Environmentalists engage in the absurd concerning nanotech with a hope of the sublime in the future

The UK-based Soil Association announced via a Financial Times article that they would not certify any products as organic if they contain additives â''made by the burgeoning nanotechnology industryâ'', despite the fact that the Soil Associationâ''s policy manager, Gundula Azeez, said the nano ban would not affect any products.

Tim Harper, noted UK nanotechnology analyst, through his TNTLog, revealed this for the unintentional self-parody that it is. With Harper commenting, â''Why on earth nanotech has been singled out is a mystery. Itâ''s akin to announcing that a synthetic chemical such as paracetamol will not be certified as natural.â''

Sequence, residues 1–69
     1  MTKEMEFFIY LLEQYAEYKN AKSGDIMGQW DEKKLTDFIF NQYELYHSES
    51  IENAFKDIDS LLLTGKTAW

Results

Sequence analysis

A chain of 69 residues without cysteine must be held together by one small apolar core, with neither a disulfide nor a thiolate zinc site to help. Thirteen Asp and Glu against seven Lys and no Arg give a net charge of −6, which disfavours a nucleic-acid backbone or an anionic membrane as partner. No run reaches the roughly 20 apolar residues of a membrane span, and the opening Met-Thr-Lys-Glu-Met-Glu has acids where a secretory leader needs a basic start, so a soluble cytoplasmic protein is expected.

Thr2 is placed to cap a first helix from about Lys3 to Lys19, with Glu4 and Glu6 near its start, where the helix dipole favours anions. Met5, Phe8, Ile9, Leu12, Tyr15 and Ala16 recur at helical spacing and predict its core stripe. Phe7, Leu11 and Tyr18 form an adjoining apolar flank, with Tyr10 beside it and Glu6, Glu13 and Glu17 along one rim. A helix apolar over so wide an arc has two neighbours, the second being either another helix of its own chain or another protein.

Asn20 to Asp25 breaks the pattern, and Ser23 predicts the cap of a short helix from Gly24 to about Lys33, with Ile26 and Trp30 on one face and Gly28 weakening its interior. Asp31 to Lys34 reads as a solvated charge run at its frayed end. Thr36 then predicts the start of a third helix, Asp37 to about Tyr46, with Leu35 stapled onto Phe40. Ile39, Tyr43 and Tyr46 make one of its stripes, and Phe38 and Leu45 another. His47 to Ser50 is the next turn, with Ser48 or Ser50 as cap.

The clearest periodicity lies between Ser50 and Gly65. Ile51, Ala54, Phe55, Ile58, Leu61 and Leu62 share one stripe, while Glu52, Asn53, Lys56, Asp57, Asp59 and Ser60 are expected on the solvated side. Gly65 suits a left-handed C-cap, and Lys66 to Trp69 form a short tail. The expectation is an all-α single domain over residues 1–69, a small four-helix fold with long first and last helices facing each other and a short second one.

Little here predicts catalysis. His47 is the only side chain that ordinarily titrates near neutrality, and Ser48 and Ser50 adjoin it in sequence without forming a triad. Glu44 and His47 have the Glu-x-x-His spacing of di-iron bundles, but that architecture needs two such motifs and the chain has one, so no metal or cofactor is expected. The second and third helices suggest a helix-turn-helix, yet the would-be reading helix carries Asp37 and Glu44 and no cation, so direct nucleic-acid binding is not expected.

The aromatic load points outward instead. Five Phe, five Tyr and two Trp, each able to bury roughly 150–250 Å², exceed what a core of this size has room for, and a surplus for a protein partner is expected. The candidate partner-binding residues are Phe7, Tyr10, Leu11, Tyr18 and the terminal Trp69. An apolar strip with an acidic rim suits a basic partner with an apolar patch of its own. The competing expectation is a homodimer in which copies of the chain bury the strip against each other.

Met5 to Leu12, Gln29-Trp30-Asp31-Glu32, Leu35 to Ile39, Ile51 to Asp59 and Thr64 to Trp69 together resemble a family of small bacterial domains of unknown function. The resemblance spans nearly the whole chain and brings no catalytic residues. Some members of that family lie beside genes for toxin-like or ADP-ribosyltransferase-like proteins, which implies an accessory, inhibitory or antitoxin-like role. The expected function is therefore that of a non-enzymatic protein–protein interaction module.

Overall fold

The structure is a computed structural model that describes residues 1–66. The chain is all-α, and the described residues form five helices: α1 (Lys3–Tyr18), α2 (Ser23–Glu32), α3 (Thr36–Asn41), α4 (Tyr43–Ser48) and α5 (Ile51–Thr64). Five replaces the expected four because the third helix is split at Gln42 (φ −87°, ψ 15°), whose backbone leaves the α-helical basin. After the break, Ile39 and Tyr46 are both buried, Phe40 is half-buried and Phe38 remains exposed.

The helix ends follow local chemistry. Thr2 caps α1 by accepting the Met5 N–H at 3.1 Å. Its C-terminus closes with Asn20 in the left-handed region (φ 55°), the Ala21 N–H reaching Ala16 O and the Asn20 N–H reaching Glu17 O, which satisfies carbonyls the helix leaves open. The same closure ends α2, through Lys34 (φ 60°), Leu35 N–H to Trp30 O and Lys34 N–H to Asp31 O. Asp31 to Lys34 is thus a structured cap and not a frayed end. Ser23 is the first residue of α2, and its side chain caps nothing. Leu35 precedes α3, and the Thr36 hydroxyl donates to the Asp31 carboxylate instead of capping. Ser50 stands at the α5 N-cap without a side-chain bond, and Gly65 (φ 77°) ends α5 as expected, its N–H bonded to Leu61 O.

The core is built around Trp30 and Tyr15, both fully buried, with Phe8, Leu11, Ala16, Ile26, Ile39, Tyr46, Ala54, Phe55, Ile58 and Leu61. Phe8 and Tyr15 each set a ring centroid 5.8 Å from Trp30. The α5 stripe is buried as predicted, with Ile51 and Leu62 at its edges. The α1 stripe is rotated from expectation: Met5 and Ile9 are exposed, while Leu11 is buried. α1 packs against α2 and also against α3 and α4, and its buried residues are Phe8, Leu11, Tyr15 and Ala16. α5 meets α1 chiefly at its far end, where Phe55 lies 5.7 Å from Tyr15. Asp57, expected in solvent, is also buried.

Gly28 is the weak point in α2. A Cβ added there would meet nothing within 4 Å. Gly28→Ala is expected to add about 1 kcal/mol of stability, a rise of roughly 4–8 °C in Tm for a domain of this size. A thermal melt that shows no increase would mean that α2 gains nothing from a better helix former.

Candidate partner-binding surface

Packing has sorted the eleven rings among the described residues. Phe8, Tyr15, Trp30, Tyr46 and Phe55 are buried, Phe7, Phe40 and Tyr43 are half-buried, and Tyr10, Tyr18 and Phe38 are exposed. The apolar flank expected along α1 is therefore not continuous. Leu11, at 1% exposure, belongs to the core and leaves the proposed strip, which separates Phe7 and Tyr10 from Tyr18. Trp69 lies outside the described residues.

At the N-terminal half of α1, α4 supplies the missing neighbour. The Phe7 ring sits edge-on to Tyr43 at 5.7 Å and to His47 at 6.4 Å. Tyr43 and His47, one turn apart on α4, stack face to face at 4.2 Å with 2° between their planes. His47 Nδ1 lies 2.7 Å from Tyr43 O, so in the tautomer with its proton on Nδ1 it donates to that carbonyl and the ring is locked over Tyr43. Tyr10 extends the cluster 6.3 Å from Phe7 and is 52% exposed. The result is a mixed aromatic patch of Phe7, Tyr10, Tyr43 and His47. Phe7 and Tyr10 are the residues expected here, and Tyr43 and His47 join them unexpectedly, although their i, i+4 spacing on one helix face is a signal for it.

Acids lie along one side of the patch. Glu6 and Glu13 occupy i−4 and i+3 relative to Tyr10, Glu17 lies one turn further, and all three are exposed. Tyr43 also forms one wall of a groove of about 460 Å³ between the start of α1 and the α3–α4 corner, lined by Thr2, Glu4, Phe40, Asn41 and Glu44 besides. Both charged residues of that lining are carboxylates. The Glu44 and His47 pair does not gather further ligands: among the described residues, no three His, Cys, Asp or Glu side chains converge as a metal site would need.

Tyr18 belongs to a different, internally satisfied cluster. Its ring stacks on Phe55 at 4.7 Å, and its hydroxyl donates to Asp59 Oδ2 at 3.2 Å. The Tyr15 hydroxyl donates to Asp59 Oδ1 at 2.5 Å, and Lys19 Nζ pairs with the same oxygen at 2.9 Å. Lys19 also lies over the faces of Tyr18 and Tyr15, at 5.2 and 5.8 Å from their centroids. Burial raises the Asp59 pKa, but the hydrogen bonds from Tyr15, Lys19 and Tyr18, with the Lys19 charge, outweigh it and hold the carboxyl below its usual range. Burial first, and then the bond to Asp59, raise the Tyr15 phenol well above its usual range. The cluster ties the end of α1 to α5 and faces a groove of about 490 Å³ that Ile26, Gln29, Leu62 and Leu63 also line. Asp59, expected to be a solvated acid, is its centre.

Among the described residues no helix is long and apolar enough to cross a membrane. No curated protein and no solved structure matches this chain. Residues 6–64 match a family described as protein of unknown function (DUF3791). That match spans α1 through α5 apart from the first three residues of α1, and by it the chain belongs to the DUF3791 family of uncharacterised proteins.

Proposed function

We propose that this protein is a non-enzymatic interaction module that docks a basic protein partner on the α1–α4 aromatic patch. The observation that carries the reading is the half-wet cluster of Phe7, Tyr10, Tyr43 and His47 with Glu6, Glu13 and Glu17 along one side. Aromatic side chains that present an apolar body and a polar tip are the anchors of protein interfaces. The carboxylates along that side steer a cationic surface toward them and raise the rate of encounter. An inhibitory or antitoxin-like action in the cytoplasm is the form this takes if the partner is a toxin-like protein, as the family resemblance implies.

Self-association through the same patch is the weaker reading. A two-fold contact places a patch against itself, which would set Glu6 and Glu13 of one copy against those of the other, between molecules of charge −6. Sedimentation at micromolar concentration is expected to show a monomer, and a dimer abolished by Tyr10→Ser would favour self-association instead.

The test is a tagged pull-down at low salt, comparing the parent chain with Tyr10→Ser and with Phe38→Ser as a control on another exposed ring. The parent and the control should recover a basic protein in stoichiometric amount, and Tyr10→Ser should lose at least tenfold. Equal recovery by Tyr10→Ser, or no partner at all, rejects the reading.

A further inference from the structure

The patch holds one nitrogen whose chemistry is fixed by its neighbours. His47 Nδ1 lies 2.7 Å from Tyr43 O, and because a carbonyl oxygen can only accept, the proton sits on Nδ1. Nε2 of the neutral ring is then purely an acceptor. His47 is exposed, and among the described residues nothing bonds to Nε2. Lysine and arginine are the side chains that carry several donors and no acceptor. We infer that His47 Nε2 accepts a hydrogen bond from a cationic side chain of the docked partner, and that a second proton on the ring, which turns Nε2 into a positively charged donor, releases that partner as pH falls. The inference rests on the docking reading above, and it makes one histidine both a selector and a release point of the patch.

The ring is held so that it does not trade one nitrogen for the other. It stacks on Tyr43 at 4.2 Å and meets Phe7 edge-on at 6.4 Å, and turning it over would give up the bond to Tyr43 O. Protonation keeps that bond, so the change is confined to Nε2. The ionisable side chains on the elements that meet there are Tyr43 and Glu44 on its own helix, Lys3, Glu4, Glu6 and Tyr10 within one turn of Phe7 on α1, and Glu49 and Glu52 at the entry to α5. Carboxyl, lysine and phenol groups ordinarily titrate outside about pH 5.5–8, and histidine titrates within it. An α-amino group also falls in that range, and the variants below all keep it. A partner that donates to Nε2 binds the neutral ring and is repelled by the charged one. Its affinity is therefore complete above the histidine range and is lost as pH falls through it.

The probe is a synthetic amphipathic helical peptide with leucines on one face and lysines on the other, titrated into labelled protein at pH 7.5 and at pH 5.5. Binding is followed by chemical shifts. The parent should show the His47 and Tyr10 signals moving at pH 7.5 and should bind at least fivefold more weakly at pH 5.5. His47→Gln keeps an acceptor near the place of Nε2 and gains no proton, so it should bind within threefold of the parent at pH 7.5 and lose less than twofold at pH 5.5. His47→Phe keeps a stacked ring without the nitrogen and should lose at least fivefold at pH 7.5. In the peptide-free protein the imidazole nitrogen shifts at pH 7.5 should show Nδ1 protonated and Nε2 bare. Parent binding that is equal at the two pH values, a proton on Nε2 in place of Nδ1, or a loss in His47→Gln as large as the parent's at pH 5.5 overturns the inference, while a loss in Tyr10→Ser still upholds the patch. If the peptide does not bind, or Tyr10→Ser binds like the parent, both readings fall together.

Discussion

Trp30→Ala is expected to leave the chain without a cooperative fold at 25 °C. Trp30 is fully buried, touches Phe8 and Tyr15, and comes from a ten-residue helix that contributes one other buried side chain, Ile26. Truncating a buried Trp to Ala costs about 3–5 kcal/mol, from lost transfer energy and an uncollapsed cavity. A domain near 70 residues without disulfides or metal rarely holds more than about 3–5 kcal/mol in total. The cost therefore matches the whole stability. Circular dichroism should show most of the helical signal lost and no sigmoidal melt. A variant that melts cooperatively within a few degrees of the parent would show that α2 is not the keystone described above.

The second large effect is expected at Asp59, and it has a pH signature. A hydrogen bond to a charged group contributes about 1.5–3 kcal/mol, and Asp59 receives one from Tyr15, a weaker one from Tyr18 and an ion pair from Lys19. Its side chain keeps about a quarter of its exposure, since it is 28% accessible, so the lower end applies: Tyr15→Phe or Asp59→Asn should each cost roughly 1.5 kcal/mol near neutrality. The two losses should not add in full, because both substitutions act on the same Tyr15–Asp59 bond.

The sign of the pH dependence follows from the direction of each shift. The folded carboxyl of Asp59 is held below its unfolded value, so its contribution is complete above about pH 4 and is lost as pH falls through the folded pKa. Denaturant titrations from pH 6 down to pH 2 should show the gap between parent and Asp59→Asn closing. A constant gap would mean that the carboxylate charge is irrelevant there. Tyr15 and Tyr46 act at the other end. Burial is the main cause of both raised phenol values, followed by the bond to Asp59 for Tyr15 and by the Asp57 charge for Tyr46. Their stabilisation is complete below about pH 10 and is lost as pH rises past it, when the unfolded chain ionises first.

Barnaby Feder at his â''Bits Blogâ'' in the New York Times was equally incredulous of this rather strange announcement. But Feder added the qualification that these kinds of announcements are somehow a natural outcropping of many NGOâ''s frustration over the lack of government activities in determining the toxicity of nanoparticles.

Maybe so. Frustration makes lots of people do silly things. But I canâ''t see how this helps anybody or anything. It further marginalizes environmental concerns about nanoparticles by making their positions seem absurd, and it doesnâ''t motivate the powers-that-be (whoever they are) to take any action.

All in all this is just foolish grandstanding.


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